That as Religion, or the Duty which we owe to our divine and omnipotent Creator, and the Manner of discharging it, can be governed only by Reason and Conviction, not by Force or Violence; and therefore that all Men shou’d enjoy the fullest Toleration in the Exercise of Religion, according to the Dictates of Conscience, unpunished and unrestrained by the Magistrate….
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James Madison, in his first significant public act, objected to the use of “toleration” in the article, believing that it implied that religious liberty was a grant from the state that could be revoked at will. The Virginia Convention agreed, and Article XVI was amended to make it clear that “the free exercise of religion” is a right, not a privilege granted by the state.
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Mason’s draft of Article XVI was reprinted throughout the states and had an important impact on subsequent state constitutions and the national Bill of Rights. By the end of the Revolutionary era, every state offered significant protection of religious liberty. The federal Constitution of 1787 did not, but only because its supporters believed the national government did not have the delegated power to pass laws interfering with religious belief or practice. In the face of popular outcry, the first Congress proposed and the states ratified a constitutional amendment prohibiting Congress from restricting the free exercise of religion.
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In 1775, at least nine of the 13 colonies had established churches. Although establishments took a variety of forms, they generally entailed the state providing favorable treatment for one denomination—treatment which often included financial support. Members of religious denominations other than the official established church were usually tolerated, but they were occasionally taxed to support the state church, and some were not permitted to hold civic office.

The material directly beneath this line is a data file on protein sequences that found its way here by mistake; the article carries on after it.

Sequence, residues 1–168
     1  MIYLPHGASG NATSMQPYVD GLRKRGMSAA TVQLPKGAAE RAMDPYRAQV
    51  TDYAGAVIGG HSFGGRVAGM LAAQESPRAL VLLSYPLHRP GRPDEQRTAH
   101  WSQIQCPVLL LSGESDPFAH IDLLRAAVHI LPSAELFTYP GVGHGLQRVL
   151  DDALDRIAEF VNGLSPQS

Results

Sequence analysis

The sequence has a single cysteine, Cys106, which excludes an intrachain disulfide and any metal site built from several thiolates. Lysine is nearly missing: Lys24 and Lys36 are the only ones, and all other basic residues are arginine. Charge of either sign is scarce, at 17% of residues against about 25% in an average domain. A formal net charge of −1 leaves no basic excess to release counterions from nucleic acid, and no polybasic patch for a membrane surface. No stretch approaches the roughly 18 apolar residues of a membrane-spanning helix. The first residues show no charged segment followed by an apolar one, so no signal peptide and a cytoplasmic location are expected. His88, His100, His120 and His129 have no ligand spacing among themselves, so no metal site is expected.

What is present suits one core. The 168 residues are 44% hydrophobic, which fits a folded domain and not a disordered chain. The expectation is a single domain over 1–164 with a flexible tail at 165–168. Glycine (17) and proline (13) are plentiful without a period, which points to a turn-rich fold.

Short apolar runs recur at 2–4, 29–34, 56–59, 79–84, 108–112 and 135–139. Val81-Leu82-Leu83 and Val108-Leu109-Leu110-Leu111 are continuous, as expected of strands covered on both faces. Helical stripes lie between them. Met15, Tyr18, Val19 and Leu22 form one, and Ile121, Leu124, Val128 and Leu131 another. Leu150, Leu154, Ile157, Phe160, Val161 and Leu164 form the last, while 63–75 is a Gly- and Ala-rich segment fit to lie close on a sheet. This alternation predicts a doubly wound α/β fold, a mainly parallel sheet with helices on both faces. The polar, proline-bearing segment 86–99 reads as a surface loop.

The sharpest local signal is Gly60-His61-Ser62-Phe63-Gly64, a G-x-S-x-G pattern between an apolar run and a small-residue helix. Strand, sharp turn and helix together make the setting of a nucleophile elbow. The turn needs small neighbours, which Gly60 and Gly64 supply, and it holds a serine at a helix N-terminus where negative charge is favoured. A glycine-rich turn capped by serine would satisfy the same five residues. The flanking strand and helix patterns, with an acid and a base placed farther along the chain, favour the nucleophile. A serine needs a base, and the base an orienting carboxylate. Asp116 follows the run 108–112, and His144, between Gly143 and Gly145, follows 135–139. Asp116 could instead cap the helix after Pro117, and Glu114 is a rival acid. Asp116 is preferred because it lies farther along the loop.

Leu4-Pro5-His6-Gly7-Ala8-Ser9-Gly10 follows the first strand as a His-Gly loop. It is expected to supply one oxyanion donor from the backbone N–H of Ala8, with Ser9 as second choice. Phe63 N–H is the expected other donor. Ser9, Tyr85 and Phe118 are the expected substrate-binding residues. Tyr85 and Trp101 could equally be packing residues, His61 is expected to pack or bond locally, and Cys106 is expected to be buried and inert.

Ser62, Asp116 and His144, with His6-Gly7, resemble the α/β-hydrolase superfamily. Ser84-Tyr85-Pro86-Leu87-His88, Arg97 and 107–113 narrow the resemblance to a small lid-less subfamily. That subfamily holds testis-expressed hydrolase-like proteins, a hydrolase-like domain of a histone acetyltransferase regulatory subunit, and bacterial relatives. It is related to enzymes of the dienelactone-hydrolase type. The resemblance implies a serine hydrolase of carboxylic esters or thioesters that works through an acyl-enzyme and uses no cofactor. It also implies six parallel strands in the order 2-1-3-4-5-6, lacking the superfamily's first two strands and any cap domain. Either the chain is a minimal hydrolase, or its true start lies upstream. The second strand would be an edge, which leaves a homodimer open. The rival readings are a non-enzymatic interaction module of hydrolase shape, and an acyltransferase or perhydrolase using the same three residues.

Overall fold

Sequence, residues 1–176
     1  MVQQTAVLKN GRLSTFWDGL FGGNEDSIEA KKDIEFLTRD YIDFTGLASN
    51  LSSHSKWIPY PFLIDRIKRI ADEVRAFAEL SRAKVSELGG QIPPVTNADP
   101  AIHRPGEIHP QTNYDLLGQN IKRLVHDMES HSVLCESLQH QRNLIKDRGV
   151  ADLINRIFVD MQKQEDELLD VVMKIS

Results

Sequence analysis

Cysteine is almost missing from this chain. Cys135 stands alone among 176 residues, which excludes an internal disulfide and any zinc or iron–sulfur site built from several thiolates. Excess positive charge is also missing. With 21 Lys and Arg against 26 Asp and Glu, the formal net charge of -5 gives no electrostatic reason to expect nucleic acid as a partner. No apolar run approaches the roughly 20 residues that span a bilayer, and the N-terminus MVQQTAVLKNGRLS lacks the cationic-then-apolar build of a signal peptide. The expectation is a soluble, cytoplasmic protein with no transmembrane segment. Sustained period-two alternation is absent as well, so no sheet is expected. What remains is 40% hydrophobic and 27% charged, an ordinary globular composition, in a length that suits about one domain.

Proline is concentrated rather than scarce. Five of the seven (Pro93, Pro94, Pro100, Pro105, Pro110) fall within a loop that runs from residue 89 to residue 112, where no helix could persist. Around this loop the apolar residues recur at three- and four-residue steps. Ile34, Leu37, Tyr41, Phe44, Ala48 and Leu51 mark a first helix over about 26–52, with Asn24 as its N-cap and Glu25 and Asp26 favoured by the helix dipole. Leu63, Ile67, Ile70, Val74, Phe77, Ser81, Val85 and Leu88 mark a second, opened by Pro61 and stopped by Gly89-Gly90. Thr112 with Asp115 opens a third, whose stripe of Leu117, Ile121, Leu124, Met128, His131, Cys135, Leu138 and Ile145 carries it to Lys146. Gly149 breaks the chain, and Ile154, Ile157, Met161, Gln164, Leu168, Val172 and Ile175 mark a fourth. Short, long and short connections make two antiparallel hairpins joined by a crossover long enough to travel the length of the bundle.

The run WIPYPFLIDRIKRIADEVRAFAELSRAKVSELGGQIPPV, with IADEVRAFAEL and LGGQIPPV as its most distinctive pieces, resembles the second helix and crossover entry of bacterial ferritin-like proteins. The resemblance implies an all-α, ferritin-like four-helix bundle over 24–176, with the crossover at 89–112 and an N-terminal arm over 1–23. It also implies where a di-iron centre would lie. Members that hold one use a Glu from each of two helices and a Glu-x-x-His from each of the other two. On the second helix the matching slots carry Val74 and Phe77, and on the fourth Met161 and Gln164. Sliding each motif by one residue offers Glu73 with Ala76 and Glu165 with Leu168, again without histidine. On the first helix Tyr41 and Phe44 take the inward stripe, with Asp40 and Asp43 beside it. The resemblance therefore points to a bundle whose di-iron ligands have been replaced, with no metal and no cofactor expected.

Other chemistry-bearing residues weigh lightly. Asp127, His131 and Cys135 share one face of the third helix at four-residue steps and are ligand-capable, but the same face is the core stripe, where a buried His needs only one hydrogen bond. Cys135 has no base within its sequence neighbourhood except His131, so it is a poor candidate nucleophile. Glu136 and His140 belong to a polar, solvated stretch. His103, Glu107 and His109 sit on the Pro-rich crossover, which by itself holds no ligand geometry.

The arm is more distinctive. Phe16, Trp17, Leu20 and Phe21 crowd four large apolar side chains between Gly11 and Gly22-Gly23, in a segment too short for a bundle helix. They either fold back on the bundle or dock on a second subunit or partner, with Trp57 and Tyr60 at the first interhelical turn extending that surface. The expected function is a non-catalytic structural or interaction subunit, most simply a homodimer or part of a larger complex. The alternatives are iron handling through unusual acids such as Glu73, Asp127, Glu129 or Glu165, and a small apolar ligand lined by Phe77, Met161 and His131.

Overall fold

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After independence, most states either disestablished their churches (particularly states where the Church of England was previously established) or moved to a system of “plural” or “multiple” establishments. Under the latter model, citizens were taxed to support their own churches. Although a few Founders challenged establishments of any sort in the name of religious liberty, most arguments were framed in terms of which arrangement would be best for Christianity.
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So did America have a Christian Founding? History is complicated, and we should always be suspicious of simple answers to difficult questions. As we have seen, there is precious little evidence that the Founders were deists, wanted religion excluded from the public square, or desired the strict separation of church and state. On the other hand, they identified themselves as Christians, were influenced in important ways by Christian ideas, and generally thought it appropriate for civic authorities to encourage Christianity.
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“May the Children of the Stock of Abraham, who dwell in this land, continue to merit and enjoy the good will of the other Inhabitants; while every one shall sit in safety under his own vine and fig tree, and there shall be none to make him afraid. May the father of all mercies scatter light and not darkness in our paths, and make us all in our several vocations useful here, and in his own due time and way everlastingly happy.” – George Washington 1790 letter to a “Hebrew Congregation” in Newport, Rhode Island.
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The Founders’ insight that democracy requires a moral people and that faith is an important, if not indispensable, support for morality. Such faith may well flourish best without government support, but it should not have to flourish in the face of government hostility.
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In conclusion, from all historical data gathered, from the first colonies to the creation of a new Republic, the founding charters and documents, it would be absolutely fool-hearty to say our American Republic was not founded as a Christian nation, for in all it’s secularism embodied with the Constitution, you find within, God.

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Kenny

Christian. American. Father. Husband. Friend. Brother. Son. Grandson. Uncle. Cubs Fan. Digital.